I dropped out of college.
When this happened it was a big deal—to my parents anyway. Then it was a big deal when people met me because they were constantly surprised by it. You didn’t finish college?! But for all the warnings and then surprise, there has been literally zero times where my lack of a degree has come up in the course of any business deal or project.
So I am always surprised by the lengths people will go to get their degree. I read a fascinating book a couple years ago about the Varsity Blues scandal and the parents who bribed their kids into various colleges—many of which were not even that hard to get into. The parents were so convinced that college mattered that they were willing to do just about anything to make sure their kids got in…even in one case where one of the girls had millions of YouTube followers and didn’t want to go to college. Or another where the daughter wanted to be an actress and the mother was an actress, but she still tried to cheat on her daughter’s SAT’s to get into Juilliard (even though Julliard doesn’t require SATs!)
It reminds me of a line from Peter Thiel who pointed out that we can get so good at trying to win that we don’t stop and ask if we’re playing the right game.
Here’s something I thought mattered a lot: The New York Times Bestseller list. When my first book came out I worked very hard to sell a lot of copies so I could say I was an NYT bestseller. I missed it (for somewhat suspicious reasons) and hit the WSJ list instead. As it turns out, this had absolutely no impact on the sales of the book or my ability to have a writing career. What mattered was whether the book continued to sell well over time and whether I continued to have interesting things to say.
Literally no one ever bought the book because it hit one list…and certainly no one didn’t buy it because it wasn’t on the other.
But I found it quite funny in the years since that when people would introduce me for talks they would call me “a New York Times Bestselling author” because they just assumed, and it sounded like something important. So in one sense the term did matter and mean something…yet the fact they couldn’t tell or care about the difference was a reminder to me that it didn’t really matter at all.
I would write more than a half dozen other books before I did become “a New York Times Bestselling author” in fact and let me tell you, nothing changed. And when I did debut on the list for my book Stillness is the Key, it was at the #1 spot. But nobody threw me a parade. My speaking fee and my royalties did not go up. The publisher sent me a cool plaque but it wasn’t that cool…my wife asked that I keep it at the office instead of the house.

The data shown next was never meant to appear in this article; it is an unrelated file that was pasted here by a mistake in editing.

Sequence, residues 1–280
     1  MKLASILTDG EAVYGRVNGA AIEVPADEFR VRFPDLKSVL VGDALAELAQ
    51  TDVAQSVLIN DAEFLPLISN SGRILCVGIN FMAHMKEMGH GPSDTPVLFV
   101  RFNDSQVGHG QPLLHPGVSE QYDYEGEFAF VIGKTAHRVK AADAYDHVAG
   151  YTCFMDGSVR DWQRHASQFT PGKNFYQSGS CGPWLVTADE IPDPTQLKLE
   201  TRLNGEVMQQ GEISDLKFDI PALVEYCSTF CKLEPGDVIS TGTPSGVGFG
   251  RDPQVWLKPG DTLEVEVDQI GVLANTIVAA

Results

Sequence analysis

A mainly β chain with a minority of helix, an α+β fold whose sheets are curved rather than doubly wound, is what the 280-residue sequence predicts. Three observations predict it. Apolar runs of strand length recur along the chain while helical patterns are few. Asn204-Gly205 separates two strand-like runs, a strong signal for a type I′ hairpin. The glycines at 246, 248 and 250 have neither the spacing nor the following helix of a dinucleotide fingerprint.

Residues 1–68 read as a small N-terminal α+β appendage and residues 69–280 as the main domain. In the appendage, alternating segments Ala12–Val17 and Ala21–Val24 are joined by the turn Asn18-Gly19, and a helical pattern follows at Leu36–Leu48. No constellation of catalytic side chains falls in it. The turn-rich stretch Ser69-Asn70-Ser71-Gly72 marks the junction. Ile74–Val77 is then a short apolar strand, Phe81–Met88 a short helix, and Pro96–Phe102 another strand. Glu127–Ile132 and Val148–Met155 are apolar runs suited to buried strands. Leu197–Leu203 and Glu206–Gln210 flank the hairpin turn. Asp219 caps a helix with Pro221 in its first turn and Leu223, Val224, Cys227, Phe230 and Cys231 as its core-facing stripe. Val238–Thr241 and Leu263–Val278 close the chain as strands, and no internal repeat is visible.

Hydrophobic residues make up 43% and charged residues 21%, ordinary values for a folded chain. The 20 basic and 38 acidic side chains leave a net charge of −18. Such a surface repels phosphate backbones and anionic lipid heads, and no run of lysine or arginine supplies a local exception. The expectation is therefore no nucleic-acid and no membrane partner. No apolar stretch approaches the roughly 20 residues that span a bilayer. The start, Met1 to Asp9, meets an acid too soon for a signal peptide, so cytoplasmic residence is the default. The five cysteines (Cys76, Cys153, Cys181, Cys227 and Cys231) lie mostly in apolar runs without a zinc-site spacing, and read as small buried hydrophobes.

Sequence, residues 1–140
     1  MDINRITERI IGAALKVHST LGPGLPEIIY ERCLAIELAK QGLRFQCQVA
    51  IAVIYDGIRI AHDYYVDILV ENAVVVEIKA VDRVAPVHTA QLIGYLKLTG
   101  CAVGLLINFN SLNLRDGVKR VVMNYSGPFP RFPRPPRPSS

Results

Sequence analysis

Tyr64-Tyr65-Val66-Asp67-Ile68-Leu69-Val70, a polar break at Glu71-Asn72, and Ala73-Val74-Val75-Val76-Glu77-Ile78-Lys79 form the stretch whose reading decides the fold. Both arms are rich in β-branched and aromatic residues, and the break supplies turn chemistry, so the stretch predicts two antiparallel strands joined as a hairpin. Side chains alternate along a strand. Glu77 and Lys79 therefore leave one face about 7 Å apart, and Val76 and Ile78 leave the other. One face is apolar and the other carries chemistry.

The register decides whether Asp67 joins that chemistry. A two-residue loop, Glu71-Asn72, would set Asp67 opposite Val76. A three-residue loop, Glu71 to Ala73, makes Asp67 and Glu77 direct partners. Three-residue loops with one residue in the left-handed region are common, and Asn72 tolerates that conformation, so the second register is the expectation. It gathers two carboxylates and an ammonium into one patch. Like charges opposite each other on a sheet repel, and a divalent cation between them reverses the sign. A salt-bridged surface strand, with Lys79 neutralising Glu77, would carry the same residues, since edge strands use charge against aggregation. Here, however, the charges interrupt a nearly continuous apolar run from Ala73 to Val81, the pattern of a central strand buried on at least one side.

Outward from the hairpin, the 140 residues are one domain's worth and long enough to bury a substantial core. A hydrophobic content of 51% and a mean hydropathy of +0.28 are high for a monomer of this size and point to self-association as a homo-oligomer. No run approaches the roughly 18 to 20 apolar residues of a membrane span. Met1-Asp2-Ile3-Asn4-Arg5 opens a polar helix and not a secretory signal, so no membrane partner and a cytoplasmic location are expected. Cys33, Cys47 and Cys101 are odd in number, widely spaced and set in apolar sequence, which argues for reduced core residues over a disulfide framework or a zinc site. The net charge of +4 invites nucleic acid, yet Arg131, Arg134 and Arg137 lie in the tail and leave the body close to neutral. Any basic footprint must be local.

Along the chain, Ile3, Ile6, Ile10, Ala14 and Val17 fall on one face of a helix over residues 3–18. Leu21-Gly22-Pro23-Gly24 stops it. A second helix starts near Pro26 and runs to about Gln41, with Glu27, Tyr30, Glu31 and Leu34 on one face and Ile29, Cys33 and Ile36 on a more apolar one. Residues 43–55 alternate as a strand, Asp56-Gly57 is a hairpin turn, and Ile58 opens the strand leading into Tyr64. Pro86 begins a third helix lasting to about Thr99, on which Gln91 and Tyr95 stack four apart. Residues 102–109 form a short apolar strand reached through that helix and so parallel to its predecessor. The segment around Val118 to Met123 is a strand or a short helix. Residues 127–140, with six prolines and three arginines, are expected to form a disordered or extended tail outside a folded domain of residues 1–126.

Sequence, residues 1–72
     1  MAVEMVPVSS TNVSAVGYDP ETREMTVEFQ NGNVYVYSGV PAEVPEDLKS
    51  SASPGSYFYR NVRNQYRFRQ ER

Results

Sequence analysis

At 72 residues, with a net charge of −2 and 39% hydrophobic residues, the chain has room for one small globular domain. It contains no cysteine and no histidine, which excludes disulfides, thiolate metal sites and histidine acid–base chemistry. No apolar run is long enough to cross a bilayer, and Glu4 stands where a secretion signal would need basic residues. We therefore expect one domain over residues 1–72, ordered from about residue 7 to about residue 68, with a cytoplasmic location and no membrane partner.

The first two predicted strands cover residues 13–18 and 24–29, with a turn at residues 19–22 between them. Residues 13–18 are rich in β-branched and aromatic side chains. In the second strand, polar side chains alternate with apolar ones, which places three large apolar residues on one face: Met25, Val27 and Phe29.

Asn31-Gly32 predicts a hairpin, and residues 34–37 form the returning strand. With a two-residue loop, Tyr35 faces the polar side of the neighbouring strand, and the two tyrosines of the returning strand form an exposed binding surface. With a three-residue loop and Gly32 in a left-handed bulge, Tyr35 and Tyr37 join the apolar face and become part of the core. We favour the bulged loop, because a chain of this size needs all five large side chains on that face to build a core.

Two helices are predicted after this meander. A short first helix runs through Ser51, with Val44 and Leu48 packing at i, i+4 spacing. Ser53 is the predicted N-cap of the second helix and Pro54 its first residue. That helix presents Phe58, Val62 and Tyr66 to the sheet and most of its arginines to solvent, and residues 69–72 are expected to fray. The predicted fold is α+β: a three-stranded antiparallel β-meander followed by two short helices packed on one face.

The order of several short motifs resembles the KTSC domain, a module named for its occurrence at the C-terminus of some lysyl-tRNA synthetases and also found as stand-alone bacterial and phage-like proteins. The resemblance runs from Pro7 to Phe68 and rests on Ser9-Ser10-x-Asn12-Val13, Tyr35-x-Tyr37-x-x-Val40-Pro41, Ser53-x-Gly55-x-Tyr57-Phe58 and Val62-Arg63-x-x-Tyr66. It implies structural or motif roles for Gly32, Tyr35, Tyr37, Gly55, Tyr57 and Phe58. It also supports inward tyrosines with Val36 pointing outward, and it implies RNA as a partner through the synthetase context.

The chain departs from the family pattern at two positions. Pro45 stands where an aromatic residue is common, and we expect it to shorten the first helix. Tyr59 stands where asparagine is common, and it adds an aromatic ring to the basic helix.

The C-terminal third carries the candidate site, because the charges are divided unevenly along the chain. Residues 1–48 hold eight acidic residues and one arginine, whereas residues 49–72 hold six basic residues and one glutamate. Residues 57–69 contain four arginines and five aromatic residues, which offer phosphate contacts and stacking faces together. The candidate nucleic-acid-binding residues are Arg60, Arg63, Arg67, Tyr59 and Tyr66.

Still, whenever I talk to first-time authors and ask them what they hope to do with their book, hitting the list is almost always at the top of their list. I realize it’s easy for me to say that it doesn’t matter, since I have the plaque in my office, but it’s true. I wouldn’t trade my sales numbers for more weeks on the list. I wouldn’t trade having written books I’m proud of to spend more time there either. Writing a book that I’m proud of, saying what I have to say, growing as a writer in doing it, making something that reaches people, that makes a difference in their lives? That’s way more important.
But this is what we do—we put way too little time and energy into the things that do matter (e.g. being a decent person) and way too much time and energy into the things we think matter…but don’t (e.g. getting into a decent college).
Sometimes our kids can help us realize this (as the Varsity Blues kids often tried in vain to do). We did an email about David Letterman for DailyDad.com recently (sign up!). After becoming the longest-serving late night talk show host in the history of American television (33 seasons), the king of late night decided to walk away. He went and told his young son Harry, “I’m quitting, I’m retiring. I won’t be at work every day. My life is changing; our lives will change.” Who knows what Letterman expected his son to say, but certainly he expected more than, “Will I still be able to watch the Cartoon Network?” Letterman replied, “I think so. Let me check.”
We spent our energy—our lives—slaving away, chasing things that don’t matter. Worse, we tell ourselves we’re doing it for some specific reason—for our careers, for our kids…but it’s all based on nothing! They don’t care! Not like we think they do.
Why do we do this? One, I guess it’s because we don’t know, we don’t listen. We only realize the things are worthless once we get them…even though plenty of people had already returned to the cave and told us we were chasing shadows.
But I think the biggest reason is actually the biggest thing we chase that doesn’t matter. We chase achievements and money and status because we’re trying to create a legacy. Because we want people to remember us, for our stuff to last.
You want to talk about what really doesn’t matter? Other people’s opinions of you when you’re dead! As Marcus Aurelius writes in Meditations, “people who are excited by posthumous fame forget that people who remember them will soon die too. And those after them in turn.” And suppose all those people you want to remember you were immortal, Marcus says, “what good would it do you?” You’ll still be dead!
A couple of years ago, I worked on an album that won a Grammy. I got to go on stage and accept it with a group of producers who all had to share one statue together. So a few months later, I had my own commemorative with a little reminder: “When you die, this will go in the trash alongside all your other ‘accomplishments.’”
None of that external stuff matters.
Only right now matters. The life you’re living—that’s the only monument that counts. Who you are in this moment, how you treat people, how you treat yourself—that is what you think doesn’t matter…but does. That is the real legacy.
And it’s passing you by as you read this.